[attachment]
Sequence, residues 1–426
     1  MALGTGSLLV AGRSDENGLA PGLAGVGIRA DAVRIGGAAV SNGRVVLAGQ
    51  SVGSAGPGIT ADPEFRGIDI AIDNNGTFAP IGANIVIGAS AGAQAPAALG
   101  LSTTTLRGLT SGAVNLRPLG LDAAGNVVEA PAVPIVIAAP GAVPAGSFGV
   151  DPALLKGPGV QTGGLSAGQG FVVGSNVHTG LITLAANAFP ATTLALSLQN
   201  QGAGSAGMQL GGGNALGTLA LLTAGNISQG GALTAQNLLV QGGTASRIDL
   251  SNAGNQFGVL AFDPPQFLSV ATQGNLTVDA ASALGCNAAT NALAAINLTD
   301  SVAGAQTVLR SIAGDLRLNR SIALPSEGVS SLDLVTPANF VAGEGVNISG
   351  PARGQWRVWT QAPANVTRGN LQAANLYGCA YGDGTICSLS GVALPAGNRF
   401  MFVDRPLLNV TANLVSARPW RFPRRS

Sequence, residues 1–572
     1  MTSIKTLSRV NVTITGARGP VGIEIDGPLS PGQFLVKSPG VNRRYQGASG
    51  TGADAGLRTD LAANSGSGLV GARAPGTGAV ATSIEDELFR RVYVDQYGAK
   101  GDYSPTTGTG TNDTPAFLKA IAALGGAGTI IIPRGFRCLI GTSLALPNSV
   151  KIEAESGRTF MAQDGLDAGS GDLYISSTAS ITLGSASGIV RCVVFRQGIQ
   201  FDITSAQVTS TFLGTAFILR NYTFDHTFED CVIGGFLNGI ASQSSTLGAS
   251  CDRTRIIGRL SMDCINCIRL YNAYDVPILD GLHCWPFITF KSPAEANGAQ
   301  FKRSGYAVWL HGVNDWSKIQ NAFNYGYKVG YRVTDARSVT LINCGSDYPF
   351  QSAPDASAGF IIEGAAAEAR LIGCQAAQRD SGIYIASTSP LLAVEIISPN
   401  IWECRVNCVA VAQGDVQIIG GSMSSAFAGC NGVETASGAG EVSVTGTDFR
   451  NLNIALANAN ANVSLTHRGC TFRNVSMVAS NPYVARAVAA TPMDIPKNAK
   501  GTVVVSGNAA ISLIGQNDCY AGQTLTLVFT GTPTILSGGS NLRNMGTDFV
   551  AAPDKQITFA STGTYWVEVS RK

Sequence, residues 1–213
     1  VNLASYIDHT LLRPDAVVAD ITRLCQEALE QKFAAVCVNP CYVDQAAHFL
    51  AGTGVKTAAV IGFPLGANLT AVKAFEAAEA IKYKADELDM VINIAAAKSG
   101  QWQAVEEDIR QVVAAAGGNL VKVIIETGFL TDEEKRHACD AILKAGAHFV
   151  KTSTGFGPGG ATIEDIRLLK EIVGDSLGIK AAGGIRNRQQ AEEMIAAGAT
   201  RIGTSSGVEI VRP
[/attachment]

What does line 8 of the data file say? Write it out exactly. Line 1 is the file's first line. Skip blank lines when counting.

   301  SVAGAQTVLR SIAGDLRLNR SIALPSEGVS SLDLVTPANF VAGEGVNISG